: a short oblong mantle worn by young men of ancient Greece
Did You Know?
If you had been a man of ancient Greece, you'd likely have worn a chlamys from time to time. This cloak was a short, oblong mantle, typically made of dark wool, and worn draped over the left shoulder and fastened with a fibula at the right shoulder, leaving the right arm uncovered. The chlamys was popular especially among soldiers and messengers. Modern encounters with the chlamys are most likely to occur at museums where a statue of the messenger god Hermes or the Greco-Roman god Apollo might be seen garbed in such. As deities frequently on the move, these two would have appreciated the fact that the garment provided both protection from the elements and freedom of movement.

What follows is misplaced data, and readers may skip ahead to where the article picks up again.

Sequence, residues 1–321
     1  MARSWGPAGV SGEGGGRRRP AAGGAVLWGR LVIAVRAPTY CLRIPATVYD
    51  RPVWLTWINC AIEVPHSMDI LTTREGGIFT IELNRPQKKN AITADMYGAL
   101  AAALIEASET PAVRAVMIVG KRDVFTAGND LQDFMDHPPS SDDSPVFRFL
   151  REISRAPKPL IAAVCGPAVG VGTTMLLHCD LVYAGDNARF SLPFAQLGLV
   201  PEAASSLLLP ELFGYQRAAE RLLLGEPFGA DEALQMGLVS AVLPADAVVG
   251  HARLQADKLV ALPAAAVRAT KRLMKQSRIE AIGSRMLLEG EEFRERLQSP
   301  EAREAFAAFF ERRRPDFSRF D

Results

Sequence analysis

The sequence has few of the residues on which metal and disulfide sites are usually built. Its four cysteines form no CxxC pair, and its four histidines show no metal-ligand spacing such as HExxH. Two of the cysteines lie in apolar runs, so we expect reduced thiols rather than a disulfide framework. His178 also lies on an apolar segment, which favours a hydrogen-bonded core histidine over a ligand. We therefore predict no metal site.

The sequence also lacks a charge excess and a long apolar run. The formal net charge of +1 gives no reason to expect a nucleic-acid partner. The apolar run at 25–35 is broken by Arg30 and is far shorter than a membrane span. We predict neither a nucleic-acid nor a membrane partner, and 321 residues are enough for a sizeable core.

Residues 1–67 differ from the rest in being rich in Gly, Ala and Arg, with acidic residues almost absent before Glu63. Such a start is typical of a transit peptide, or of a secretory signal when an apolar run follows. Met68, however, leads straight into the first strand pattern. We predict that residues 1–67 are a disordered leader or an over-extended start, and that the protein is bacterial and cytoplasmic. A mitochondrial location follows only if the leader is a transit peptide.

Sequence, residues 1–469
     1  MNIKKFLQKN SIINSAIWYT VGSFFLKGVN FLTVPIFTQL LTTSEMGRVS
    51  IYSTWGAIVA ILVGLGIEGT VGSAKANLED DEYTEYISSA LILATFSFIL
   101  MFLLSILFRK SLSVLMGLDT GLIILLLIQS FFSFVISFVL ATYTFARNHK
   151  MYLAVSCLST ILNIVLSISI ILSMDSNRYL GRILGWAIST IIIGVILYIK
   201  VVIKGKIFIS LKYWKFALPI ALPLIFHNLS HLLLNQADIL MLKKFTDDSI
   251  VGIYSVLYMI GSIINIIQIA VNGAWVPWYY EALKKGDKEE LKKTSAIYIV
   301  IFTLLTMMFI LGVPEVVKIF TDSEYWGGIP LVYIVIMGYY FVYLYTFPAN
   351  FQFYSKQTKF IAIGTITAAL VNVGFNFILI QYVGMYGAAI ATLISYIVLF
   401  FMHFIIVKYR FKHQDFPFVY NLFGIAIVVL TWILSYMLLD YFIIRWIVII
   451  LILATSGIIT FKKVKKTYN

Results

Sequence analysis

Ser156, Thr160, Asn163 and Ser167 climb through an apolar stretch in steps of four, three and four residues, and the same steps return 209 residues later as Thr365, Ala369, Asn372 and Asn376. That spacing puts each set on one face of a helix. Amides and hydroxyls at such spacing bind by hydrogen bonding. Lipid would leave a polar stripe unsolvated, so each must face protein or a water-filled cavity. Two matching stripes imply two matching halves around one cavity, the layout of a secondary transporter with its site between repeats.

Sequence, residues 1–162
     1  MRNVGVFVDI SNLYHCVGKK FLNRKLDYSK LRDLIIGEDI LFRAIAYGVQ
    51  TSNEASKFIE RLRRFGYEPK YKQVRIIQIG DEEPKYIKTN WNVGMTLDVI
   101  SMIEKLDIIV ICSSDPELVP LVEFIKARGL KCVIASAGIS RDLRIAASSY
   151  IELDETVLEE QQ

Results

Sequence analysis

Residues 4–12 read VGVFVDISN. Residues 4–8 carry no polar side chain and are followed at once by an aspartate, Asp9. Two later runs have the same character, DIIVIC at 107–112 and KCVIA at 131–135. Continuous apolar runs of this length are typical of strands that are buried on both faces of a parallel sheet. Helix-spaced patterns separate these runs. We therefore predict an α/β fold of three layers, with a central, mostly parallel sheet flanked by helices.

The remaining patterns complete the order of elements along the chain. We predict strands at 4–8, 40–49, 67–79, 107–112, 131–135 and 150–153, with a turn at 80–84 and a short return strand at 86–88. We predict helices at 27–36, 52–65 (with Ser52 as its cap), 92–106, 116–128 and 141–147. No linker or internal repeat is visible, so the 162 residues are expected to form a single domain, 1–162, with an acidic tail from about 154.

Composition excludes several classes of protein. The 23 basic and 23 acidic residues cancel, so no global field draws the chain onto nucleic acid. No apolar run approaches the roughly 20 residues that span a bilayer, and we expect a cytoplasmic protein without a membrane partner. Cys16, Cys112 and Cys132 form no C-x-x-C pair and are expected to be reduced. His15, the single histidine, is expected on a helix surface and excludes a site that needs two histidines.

"Perhaps her effect on him was as despotic and intoxicating as the poets claimed. Rumors reached Rome that he had abandoned his toga for the Greek chlamys; that she reviewed his troops with a bodyguard of Praetorians; that he followed her litter humbly on foot…." — Judith Thurman, Cleopatra's Nose, 2007
"Ann Moore displays a black-and-white photo in a 1953 issue of Vogue magazine of a woman modeling an elegant silk taffeta chlamys with beading and rhinestones." — Shelia M. Poole, The Atlanta Journal-Constitution, 1 Sept. 2016
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